I have always heard the myth of cooking an egg on the sidewalk during a hot summer day. Some people have even tried this, trying to prove or debunk the myth. If a sidewalk can reach temperatures hot enough to fry an egg, imagine the confections we could create using today’s high-end processor. You might be able to fry a tiny omlette or bake a 1/4″ brownie – there’s an idea ready to pop: create a heatsink with a teflon inner easy-bake oven! Getting back to the point: today’s processors generate an enormous amount of heat and hefty copper heatsinks are the only real answer for air cooling these thermal marvels.
There are not alot of heatsinks for the Pentium 4 LGA775, as the mounting method is very specific. Any 775 heatsink must be attached to a metal brace on the underside of the motherboard. This mechanism prevents the motherboard from warping with tension, and ensures that relatively flimsy plastic pieces will not break. This ensures a high-quality and sturdy mounting method. Evercool has manufactured a new LGA775 heatsink called the CopperMan, which is constructed completely of copper and looks to be a high-performance contender for Pentium 4 LGA-775 processors.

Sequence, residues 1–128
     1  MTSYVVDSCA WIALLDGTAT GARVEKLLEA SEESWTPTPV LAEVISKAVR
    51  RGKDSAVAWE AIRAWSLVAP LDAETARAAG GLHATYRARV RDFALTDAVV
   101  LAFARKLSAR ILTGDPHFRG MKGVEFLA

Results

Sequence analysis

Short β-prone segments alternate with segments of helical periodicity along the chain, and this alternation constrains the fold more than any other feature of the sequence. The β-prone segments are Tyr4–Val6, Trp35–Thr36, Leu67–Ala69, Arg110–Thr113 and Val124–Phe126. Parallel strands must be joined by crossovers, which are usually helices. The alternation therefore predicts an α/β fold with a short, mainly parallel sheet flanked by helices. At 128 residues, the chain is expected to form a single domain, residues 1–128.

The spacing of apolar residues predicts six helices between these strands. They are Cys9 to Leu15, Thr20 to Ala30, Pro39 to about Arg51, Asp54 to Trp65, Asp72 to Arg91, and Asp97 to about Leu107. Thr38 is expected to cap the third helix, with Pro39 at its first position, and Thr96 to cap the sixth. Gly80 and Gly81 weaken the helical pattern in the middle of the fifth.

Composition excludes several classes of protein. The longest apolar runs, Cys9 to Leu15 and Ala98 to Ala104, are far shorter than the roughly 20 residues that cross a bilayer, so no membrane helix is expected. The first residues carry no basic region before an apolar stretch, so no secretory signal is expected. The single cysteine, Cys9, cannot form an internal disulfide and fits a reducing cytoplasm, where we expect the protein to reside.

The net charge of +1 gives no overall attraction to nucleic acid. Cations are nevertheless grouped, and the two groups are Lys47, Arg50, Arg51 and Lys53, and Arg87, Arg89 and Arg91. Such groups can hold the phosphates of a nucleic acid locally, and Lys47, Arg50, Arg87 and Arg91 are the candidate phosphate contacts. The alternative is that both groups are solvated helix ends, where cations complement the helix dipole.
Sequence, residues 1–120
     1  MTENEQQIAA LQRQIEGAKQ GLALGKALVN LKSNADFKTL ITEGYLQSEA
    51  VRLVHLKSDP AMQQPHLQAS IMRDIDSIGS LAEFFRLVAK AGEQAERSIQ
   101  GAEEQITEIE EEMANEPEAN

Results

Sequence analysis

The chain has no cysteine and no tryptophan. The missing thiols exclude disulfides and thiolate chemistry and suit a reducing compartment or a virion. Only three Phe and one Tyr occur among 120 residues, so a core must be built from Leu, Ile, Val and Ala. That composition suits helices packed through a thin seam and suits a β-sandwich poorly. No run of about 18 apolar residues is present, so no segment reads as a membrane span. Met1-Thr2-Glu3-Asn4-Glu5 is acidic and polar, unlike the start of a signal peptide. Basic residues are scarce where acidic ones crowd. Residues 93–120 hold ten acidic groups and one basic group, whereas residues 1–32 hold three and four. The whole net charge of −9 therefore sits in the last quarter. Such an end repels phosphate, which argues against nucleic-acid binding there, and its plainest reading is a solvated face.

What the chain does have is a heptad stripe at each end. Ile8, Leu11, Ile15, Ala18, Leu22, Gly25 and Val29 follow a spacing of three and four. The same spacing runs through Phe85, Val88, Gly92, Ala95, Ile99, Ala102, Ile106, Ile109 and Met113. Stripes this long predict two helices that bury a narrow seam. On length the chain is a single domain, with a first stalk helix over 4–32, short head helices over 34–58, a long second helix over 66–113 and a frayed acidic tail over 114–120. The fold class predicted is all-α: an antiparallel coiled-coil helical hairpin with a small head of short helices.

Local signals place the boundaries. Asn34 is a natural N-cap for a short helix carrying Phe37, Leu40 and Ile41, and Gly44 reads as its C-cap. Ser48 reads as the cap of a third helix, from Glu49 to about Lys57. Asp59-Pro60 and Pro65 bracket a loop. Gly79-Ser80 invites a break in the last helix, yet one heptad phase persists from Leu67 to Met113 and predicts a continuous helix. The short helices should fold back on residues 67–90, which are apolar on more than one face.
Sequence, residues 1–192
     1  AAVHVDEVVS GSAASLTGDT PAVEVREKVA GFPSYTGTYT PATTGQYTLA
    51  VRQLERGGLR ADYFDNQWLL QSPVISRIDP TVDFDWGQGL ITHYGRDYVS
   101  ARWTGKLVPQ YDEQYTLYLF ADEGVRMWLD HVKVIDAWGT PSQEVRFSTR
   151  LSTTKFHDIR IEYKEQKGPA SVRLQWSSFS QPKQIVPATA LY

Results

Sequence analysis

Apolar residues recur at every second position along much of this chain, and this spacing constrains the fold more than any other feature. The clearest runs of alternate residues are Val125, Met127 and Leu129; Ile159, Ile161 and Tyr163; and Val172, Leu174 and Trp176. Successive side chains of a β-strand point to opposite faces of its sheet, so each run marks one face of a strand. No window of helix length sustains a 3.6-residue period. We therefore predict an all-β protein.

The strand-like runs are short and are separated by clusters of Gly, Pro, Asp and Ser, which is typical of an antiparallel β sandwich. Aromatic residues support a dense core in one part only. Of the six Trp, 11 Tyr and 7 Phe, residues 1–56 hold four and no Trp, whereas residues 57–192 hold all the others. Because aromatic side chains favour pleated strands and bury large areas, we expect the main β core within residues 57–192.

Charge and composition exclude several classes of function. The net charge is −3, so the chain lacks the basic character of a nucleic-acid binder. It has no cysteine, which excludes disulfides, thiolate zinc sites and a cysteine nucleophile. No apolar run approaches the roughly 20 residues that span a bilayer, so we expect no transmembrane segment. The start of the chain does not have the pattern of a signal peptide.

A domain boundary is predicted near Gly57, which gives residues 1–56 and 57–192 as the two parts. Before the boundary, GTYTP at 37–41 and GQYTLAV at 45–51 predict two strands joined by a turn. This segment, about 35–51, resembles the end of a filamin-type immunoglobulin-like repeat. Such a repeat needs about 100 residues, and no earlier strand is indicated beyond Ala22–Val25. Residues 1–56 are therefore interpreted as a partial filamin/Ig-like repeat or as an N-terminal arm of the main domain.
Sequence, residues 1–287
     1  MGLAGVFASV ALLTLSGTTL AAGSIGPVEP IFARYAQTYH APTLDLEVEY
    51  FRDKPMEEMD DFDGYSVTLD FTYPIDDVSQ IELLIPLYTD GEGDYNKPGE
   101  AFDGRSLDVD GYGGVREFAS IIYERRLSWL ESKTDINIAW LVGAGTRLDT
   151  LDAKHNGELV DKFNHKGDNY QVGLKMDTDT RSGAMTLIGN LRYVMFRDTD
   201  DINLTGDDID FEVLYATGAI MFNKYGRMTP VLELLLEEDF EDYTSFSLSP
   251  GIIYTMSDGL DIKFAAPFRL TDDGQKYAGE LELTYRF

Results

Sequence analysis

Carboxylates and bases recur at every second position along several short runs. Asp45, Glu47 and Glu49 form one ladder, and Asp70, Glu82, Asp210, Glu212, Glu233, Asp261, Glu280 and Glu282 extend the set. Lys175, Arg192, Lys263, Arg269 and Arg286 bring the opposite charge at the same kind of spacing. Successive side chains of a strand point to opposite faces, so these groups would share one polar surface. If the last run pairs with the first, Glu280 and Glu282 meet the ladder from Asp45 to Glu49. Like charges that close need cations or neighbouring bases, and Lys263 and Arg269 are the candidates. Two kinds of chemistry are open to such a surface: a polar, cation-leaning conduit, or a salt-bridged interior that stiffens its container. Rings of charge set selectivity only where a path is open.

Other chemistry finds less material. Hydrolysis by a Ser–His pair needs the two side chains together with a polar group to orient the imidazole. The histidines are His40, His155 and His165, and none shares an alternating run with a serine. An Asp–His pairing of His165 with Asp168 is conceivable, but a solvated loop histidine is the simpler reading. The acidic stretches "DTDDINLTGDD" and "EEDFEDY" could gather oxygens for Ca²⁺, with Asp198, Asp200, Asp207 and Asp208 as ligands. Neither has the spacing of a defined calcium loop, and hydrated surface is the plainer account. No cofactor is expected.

The Evercool Copper Man heatsink is housed in a clear plastic blister-pack, which requires scissors and adult supervision to open. Inside the package is the heatsink itself (the fan, brace, mounting screws, and heatsink are come assembled together), and a small pack of while thermal paste.
The fin design is similar to Zalman’s CNPS line of heatsinks, but the fins are soldered to a solid copper core. Zalman’s base is formed by placing lots of shaved copper layers together, whereas this Evercool heatsink uses a different implementation: solder shaved copper fins directly to a thick copper base. Both methods perform very well, as a welded or soldered joint performs about as well as a solid sheet. There is a basic formula to determine a copper heatsink’s potential: weight, surface area, and airflow. Heatsinks with thick fins do not have as much surface area as a sink with the same weight with razer-thin fins. Air can blow over more surface area, removing more radiated heat.
The thin fins of the CopperMan already promise high-performance heat removal. The fins are positioned in such a way as to direct residual airflow out onto the motherboard components surrounding the heatsink, providing auxilary motherboard cooling.